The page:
What Do I means by “Fifth”?
Well, for start it’s an interval- so we can guess that it’s a certain distance between notes…but just how far? Here is my definition of a 5th:
A Perfect Fifth is an interval of 7 semitones and five letters
Now, that definition- although it’s accurate- might be a bit hard to swallow at first. Let me break it down for you a bit more. There are three main parts to this definition, and they are:
- a “perfect” fifth
- an interval of 7 semitones
- five letters
So I’m going to translate what I mean by each of these so that we’ll hopefully end up with a better explanation of what this is all about. Starting with…
A Perfect Fifth
The word “perfect”, when applied to an interval means that it isn’t major or minor (or anything else: diminished, augmented…). A good, practical example of the fifth not being major or minor is the standard powerchord:
In the tab above is a C powerchord (also known as a “C5” chord). There are only two notes in a standard powerchord: the root note (every chord has one of these somewhere), and the fifth. If you see powerchords of more than two notes they’ll only be repeats of the root or the fifth in different octaves.
So why is that important? Well, play the chord in the tab above.
Done it yet? Yes?
What you just played was a “perfect fifth”. Now compare the sound of the chord you just played to the sound of C major (the normal “C chord”), or A minor (even C minor if you know it…). Notice how the C chord sounds “major” (try other major chords too), and the minor chord sounds “minor” (some people say major chords sound happy and minor ones sound sad…).
The powerchord (aka perfect fifth interval) sounds like neither the major or the minor chords- that’s because it is like neither. It’s a “perfect” 5th.
So, we’ve worked out that this chord is neither major or minor. With me so far (there is a comment section below if you have questions)?
However, intervals are just the distances between notes. Lets talk about the actual distance of a 5th on the fretboard- 7 semitones.
You could, of course, just play the shape tabbed out above (lower note- in pitch- is the root and higher note is the fifth) to figure out where the 5ths are, but I thought I’d explain it (it’s good to know). A fifth is the distance of 7 semitones- and each fret on a guitar is 1 semitone apart. Therefore, you’ll find a fifth by going up 7 frets from the root note.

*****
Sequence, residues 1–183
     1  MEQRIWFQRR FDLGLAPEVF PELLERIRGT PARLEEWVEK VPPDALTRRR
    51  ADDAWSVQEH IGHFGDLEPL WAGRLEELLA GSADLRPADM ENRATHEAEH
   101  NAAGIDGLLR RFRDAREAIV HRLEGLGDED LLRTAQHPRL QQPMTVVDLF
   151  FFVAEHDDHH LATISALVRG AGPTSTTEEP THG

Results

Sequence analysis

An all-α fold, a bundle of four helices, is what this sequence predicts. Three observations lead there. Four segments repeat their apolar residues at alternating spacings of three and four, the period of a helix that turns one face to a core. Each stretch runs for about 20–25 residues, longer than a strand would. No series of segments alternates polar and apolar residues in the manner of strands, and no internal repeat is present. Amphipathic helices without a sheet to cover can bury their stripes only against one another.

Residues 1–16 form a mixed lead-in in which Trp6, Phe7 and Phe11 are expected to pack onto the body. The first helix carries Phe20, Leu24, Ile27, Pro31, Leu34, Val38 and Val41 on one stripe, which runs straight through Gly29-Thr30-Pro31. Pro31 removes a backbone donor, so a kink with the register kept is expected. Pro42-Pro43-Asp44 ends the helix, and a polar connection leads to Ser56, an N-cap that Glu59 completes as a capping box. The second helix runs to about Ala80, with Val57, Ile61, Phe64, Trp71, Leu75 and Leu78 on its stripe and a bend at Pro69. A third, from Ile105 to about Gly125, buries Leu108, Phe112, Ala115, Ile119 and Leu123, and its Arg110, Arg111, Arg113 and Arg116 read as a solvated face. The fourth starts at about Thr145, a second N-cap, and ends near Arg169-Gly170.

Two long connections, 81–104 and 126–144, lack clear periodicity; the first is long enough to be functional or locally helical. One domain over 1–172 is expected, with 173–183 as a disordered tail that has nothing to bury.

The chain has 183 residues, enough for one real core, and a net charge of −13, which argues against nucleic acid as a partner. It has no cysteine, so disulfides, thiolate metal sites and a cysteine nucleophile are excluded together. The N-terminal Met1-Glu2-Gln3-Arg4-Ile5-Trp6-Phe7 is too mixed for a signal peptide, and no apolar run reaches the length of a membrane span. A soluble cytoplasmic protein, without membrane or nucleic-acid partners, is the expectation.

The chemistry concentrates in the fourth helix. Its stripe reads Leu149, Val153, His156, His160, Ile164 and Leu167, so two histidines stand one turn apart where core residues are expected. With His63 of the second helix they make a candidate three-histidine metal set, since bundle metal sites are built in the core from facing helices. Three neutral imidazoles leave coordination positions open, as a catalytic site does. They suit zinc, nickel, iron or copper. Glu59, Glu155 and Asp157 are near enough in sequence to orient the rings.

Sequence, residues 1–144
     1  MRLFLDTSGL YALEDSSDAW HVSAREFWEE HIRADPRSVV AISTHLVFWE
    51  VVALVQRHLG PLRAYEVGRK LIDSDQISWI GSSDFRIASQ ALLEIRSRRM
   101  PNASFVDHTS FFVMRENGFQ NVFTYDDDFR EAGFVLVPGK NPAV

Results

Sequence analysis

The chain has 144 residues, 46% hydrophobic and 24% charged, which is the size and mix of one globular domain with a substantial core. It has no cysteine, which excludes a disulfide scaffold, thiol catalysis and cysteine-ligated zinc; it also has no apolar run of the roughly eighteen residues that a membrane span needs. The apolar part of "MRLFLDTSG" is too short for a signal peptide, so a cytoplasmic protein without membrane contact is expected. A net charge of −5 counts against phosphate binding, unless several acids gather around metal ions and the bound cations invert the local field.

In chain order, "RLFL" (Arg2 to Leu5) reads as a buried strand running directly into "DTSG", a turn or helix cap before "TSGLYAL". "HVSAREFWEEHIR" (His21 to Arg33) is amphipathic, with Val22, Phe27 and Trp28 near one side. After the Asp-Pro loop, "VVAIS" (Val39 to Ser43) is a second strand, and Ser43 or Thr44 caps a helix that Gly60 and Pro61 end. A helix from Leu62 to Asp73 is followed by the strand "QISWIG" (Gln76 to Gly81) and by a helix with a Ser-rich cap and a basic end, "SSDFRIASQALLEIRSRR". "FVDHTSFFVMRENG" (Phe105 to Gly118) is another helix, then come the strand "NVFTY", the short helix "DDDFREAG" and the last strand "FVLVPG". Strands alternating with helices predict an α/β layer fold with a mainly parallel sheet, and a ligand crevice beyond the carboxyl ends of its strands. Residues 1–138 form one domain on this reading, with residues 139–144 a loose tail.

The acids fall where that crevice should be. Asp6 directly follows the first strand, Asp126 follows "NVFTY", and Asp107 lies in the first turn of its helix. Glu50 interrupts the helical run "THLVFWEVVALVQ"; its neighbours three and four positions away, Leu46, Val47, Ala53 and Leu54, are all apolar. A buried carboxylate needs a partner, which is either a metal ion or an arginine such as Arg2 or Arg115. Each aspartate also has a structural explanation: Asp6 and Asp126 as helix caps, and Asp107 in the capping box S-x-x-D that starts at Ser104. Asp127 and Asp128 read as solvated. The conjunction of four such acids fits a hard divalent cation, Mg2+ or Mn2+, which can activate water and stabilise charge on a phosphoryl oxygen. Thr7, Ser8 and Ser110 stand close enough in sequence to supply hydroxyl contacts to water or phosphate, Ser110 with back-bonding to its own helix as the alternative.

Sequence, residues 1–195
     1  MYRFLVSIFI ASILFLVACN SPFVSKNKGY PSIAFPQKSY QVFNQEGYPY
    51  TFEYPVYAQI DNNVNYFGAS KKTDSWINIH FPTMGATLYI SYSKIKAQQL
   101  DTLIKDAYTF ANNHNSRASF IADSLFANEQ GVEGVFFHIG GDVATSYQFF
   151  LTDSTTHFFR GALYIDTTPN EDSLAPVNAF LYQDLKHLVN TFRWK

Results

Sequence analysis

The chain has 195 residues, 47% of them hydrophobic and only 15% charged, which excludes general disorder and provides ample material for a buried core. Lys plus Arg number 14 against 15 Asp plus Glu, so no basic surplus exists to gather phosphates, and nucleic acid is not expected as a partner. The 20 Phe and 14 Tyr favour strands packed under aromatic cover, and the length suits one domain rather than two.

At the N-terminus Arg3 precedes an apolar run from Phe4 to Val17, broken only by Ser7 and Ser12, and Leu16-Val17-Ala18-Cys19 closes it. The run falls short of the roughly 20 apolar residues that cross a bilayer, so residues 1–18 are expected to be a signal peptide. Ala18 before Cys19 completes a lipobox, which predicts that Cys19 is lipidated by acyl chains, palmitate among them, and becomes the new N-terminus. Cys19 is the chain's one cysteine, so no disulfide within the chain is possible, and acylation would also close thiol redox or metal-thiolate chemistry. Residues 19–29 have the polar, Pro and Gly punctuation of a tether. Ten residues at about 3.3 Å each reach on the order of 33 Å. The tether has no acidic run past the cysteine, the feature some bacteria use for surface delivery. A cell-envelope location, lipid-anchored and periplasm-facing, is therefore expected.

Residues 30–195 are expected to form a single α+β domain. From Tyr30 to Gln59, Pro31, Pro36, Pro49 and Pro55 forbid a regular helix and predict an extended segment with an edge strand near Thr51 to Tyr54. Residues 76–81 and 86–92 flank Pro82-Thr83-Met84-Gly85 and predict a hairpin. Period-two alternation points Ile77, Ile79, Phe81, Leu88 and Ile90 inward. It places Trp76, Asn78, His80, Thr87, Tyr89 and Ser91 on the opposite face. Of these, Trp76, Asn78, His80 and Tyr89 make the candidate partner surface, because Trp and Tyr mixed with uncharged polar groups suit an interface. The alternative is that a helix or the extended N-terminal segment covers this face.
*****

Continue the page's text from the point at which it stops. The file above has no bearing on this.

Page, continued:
So these two notes are a fifth apart:
(hint: the same two notes from the powerchord earlier, just on one string).
This one isn’t so important to actually be able to play the 5th, but it is very important when talking about it or writing it down. A fifth has to be a distance of five letter names.
For example, the two notes tabbed above are: C and G. If you count up from C, G is five letters away (C counts as one). This is a fifth- kinda where it gets it’s name from.
A fifth is NOT, and I repeat- NOT- C to F## or any other enharmonic with a different letter. Essentially “F##” or “F double sharp” is an F that’s been sharpened (moved up a fret) twice. You’re unlikely to ever use it by mistake but if you do: that’s not a fifth because there are not 5 letters between C and F, there are 4. Clear?
So, the “guitarist’s translation” of the technical definition above is:
A perfect fifth is: two notes that are 7 frets apart on the guitar, and have note names that are 5 letters apart.
In a Scale
Just like the root note, the fifth of a chord is a pretty safe on to land on. Not as “safe” or boring sounding as the root, but (as long as you avoid them over diminished or augmented chords), they’ll work almost 100% of the time.
In fact, some basslines are actually created just by alternating between root and fifth!
Again, as with the root note, don’t overdo this one. If you want to “hang” on a fifth (or “hold it for a while over the chord”), then go ahead- that’ll probably sound good. Just don’t do it all the time…or you might see your audience yawning.
OK, maybe not actually yawning, but you see what I mean? It can get boring!